11.
Euro Surveill ; 25(37)2020 09.
Artículo en Inglés | MEDLINE | ID: mdl-32945256

RESUMEN

Following outbreaks linked to frozen strawberries in Sweden and Austria in 2018, 65 cases linked to the same hepatitis A virus strain were detected in Germany between October 2018 and January 2020, presenting in two waves. Two case-control studies and a comparison of cases' consumption frequencies with purchase data from a large consumer panel provided strong evidence for frozen strawberry cake as the main vehicle of transmission. Of 46 cases interviewed, 27 reported consuming frozen strawberry cake and 25 of these identified cake(s) from brand A spontaneously or in product picture-assisted recall. Trace back investigations revealed that the Polish producer involved in the previous outbreaks in Sweden and Austria had received frozen strawberries from Egypt via a wholesaler that also delivered frozen strawberries to manufacturer of brand A. Phylogenetic analyses linked the outbreak strain to similar strains formerly isolated from sewage, stool and strawberries in Egypt. Complete trace back and timely recall of products with strong evidence of contamination is important to control an outbreak and prevent later resurgence, particularly for food items with a long shelf life. Continued molecular surveillance of hepatitis A is needed to identify outbreaks and monitor the success of food safety interventions.


Asunto(s)
Brotes de Enfermedades , Contaminación de Alimentos , Enfermedades Transmitidas por los Alimentos/virología , Fragaria/virología , Virus de la Hepatitis A/aislamiento & purificación , Hepatitis A/epidemiología , Adolescente , Adulto , Anciano , Niño , Preescolar , Egipto , Heces , Femenino , Enfermedades Transmitidas por los Alimentos/epidemiología , Frutas/virología , Genotipo , Alemania/epidemiología , Hepatitis A/diagnóstico , Hepatitis A/virología , Virus de la Hepatitis A/genética , Humanos , Lactante , Masculino , Persona de Mediana Edad , Filogenia , ARN Viral/genética , Adulto Joven
12.
PLoS One ; 15(9): e0239599, 2020.
Artículo en Inglés | MEDLINE | ID: mdl-32986741

RESUMEN

The harvest of bushmeat is widespread in the tropics and sub-tropics. Often in these communities, there is a dependence on bushmeat for both food security and basic income. Despite the importance of bushmeat for households worldwide, the practice raises concern for transmission of zoonotic pathogens through hunting, food preparation, and consumption. In Uganda, harvest of wildlife is illegal, but bushmeat hunting, is commonplace. We interviewed 292 women who cook for their households and 180 self-identified hunters from 21 villages bordering Murchison Falls National Park in Uganda to gain insights into bushmeat preferences, opportunity for zoonotic pathogen transmission, and awareness of common wildlife-associated zoonoses. Both hunters and women who cook considered primates to be the most likely wildlife species to carry diseases humans can catch. Among common zoonotic pathogens, the greatest proportions of women who cook and hunters believed that pathogens causing stomach ache or diarrhea and monkeypox can be transmitted by wildlife. Neither women who cook nor hunters report being frequently injury during cooking, butchering, or hunting, and few report taking precautions while handling bushmeat. The majority of women who cook believe that hunters and dealers never or rarely disguise primate meat as another kind of meat in market, while the majority of hunters report that they usually disguise primate meat as another kind of meat. These data play a crucial role in our understanding of potential for exposure to and infection with zoonotic pathogens in the bushmeat trade. Expanding our knowledge of awareness, perceptions and risks enables us to identify opportunities to mitigate infections and injury risk and promote safe handling practices.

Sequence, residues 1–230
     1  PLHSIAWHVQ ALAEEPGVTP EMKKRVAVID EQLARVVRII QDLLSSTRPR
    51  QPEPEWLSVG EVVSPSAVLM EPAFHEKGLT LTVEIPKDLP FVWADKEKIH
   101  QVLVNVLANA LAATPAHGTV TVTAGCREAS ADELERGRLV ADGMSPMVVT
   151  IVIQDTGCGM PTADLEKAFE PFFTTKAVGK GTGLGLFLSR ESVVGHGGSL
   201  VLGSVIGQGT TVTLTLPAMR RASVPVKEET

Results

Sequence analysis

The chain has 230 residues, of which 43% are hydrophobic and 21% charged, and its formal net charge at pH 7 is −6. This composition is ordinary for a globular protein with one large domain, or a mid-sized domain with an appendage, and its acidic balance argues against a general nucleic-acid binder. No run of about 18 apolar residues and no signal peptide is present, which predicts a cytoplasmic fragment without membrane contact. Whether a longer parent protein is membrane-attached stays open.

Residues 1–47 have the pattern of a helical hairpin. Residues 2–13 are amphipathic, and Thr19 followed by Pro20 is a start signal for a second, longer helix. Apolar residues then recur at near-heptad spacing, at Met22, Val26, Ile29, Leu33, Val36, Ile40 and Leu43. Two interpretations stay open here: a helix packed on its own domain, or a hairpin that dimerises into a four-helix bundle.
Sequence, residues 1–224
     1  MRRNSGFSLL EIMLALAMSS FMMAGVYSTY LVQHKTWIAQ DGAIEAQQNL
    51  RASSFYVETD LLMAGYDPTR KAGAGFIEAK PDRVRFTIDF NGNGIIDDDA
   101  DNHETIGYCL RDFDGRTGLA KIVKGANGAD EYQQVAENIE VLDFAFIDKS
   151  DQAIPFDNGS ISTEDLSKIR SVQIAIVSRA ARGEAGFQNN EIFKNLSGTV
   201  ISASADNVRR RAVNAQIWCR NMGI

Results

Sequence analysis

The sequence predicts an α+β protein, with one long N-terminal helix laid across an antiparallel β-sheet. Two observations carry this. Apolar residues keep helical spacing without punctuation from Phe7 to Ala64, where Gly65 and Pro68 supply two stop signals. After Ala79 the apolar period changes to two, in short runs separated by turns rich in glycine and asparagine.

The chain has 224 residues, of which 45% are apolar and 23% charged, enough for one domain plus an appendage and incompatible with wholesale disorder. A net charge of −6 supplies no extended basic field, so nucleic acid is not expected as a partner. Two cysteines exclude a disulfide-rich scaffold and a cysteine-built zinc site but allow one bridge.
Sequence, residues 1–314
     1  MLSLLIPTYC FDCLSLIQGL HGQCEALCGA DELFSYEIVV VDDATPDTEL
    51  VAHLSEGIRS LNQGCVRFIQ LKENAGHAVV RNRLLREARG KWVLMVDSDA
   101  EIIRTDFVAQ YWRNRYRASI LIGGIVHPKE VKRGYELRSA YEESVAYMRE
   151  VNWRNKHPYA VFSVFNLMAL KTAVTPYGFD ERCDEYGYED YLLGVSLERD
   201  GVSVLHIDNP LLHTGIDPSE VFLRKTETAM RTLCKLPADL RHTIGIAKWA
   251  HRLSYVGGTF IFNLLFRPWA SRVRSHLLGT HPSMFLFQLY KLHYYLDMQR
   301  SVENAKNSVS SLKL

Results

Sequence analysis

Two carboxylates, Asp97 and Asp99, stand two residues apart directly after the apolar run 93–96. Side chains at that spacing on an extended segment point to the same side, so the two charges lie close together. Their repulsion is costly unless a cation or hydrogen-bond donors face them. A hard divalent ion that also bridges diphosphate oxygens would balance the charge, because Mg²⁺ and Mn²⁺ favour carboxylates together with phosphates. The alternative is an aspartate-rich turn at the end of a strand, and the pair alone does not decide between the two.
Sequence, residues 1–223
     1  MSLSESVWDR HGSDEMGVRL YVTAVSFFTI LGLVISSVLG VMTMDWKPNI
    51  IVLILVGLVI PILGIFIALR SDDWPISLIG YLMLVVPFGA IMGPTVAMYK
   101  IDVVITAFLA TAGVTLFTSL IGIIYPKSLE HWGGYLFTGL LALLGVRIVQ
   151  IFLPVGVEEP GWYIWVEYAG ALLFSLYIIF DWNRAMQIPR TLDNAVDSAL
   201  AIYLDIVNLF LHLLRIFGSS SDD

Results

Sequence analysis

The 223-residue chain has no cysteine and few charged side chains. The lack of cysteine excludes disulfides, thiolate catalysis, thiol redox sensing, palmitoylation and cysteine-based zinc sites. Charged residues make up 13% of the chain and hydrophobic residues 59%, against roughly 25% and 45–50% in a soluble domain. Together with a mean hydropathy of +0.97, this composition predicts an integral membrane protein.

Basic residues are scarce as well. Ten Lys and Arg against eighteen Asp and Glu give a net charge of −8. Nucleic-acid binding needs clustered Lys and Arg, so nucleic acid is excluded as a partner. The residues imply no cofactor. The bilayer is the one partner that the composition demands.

Asunto(s)
Actitud Frente a la Salud , Concienciación , Enfermedades Transmitidas por los Alimentos/microbiología , Carne/microbiología , Zoonosis/psicología , Adolescente , Adulto , Anciano , Anciano de 80 o más Años , Animales , Animales Salvajes , Culinaria , Femenino , Abastecimiento de Alimentos , Enfermedades Transmitidas por los Alimentos/epidemiología , Humanos , Renta , Masculino , Persona de Mediana Edad , Parques Recreativos , Factores de Riesgo , Encuestas y Cuestionarios , Uganda/epidemiología , Adulto Joven , Zoonosis/epidemiología , Zoonosis/microbiología , Zoonosis/transmisión
13.
Epidemiol Infect ; 148: e206, 2020 09 01.
Artículo en Inglés | MEDLINE | ID: mdl-32867880

RESUMEN

Enterotoxigenic Escherichia coli (ETEC) is a well-established cause of traveller's diarrhoea and occasional domestic foodborne illness outbreaks in the USA. Although ETEC are not detected by conventional stool culture methods used in clinical laboratories, syndromic culture-independent diagnostic tests (CIDTs) capable of detecting ETEC have become increasingly prevalent in the last decade. This study describes the epidemiology of ETEC infections reported to the Minnesota Department of Health (MDH) during 2016-2017. ETEC-positive stool specimens were submitted to MDH to confirm the presence of ETEC DNA by polymerase chain reaction (PCR). Cases were interviewed to ascertain illness and exposures. Contemporaneous Salmonella cases were used as a comparison group in a case-case comparison analysis of risk factors. Of 222 ETEC-positive specimens received by MDH, 108 (49%) were concordant by PCR. ETEC was the sixth most frequently reported bacterial enteric pathogen among a subset of CIDT-positive specimens. Sixty-nine (64%) laboratory-confirmed cases had an additional pathogen codetected with ETEC, including enteroaggregative E. coli (n = 40) and enteropathogenic E. coli (n = 39). Although travel is a risk factor for ETEC infection, only 43% of cases travelled internationally, providing evidence for ETEC as an underestimated source of domestically acquired enteric illness in the USA.